I always wanted to write an application that will use the Flickr API to pull all my photos from Flickr and store them locally, so I can further back them up via Crashplan.
I decided to write this app in python, a language which I have no professional experience in, and have only recently dabbled with. I figured it would be a good learning experience. We will see!
The first thing that needs to be accomplished, in order to make calls to the Flickr API, is authenticate a user. Flickr just recently added support for using OAuth to authenticate a user Using OAuth with Flickr and they will be removing their old authentication API in the future. The focus of this post will outline the steps I took in order to successfully use OAuth to authenticate against my application.
The code below has two prerequisites in order to work correctly:
- A text file called “apikeys” in the root directory containing the api_key (consumer_key) and secret for your application. You get the key and secret by creating a new Flickr Application associated with your account. Go to “The App Garden”:http://www.flickr.com/services/apps/create/apply/ to apply for one. Each entry in this file needs to be on its own line with the api_key coming first.
- Downloading and installing “python-oauth2”:https://github.com/simplegeo/python-oauth2
To setup python-oauth2:
The first thing to understand about using OAuth with Flickr, is every request must be signed using the HMAC-SHA1 signature encryption. You do this by building a Request object via the python-oauth2 Request method, passing in the url you want to make the request to and the parameters you want to send. You then call the SignatureMethod_HMAC_SHA1().sign method and add the resulting signature to the Request.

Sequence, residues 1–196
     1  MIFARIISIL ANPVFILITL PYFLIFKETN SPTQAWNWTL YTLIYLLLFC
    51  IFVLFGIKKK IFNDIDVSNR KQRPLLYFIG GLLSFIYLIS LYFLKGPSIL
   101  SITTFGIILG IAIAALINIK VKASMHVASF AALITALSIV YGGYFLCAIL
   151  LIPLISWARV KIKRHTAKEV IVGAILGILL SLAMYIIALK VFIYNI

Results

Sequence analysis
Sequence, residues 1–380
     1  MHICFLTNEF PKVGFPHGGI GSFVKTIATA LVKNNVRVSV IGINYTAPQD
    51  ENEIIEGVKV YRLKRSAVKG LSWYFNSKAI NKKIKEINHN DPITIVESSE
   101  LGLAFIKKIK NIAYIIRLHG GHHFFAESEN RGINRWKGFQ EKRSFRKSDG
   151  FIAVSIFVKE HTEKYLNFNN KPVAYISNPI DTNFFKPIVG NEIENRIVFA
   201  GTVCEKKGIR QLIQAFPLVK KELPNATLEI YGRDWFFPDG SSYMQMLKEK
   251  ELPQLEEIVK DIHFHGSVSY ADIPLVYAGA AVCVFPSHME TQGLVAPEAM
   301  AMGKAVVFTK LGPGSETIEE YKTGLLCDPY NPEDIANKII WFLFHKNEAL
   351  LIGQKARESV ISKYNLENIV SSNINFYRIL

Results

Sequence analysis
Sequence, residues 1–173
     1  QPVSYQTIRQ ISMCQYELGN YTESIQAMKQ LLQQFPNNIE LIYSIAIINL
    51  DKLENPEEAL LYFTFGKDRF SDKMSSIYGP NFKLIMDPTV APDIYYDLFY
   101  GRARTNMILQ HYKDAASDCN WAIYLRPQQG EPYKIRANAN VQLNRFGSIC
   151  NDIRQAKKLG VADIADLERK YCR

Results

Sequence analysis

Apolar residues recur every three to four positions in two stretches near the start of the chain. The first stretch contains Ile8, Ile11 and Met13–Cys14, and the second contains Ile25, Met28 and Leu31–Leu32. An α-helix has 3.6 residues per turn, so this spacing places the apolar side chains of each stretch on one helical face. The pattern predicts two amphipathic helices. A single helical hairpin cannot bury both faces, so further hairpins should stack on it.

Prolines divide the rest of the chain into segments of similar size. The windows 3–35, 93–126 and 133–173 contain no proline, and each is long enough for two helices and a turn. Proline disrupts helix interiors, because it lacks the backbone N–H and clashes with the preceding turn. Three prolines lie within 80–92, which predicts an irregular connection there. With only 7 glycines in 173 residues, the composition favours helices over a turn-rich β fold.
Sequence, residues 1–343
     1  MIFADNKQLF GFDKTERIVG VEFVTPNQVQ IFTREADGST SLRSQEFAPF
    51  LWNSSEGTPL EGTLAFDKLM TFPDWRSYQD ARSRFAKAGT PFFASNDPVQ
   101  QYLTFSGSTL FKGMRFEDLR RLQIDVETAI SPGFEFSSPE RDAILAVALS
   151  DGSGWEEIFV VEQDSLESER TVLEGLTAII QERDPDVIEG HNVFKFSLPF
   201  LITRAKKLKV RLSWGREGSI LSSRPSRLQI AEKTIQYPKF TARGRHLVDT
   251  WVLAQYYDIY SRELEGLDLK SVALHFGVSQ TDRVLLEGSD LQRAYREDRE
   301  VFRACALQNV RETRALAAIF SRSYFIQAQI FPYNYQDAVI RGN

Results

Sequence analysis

The begin the authentication procedure, you first need to create a request that will get a request token. The request will be made to http://www.flickr.com/services/oauth/request_token with the following paramaters: * oauth_timestamp * oauth_signature_method * oauth_version * oauth_callback * oauth_nonce * oauth_consumer_key * oauth_signature
The code to perform this operation:
1 2 3 4 5 6 7 8 9 10 11 12 13 14 15 16 17 18 19 20 21 22 23 24 25 26 27 28 29
If all is successful, Flickr include a oauth_token and a oauth_token_secret in the Response. You can now store those tokens off and prompt a user to go authorize your application. They will need to go to http://www.flickr.com/services/oauth/authorize with the oauth_token appended as a querystring parameter along with the perms parameter indicating if your application will need read,write and delete privileges. Once the user authorizes your application, Flickr will redirect to the oauth_callback url specified above with a oauth_verifier querystring parameter that you can then use in the third and final step of oAuth authentication.
The code to perform this operation:
1 2 3 4 5 6 7 8 9 10 11 12 13 14 15 16 17 18 19 20 21 22 23 24 25 26 27 28
The third and final step in authenticating is exchanging the Request Token for an Access Token. The Access Token is something you will store off for that user and you will be able to make Flickr API calls using the Access Token.
1 2 3 4 5 6 7 8 9 10 11 12 13 14 15 16 17 18 19 20 21 22 23 24 25 26 27 28 29 30 31 32 33 34 35 36 37
If all the requests succeeded you should have a token file in your directory with the oauth_token and the oauth_token_secret. You can use these tokens to make subsequent requests to the Flickr API. In my next post, I will illustrate how to do this.
Feel free to email me with any questions or comments. The git repo for this is located here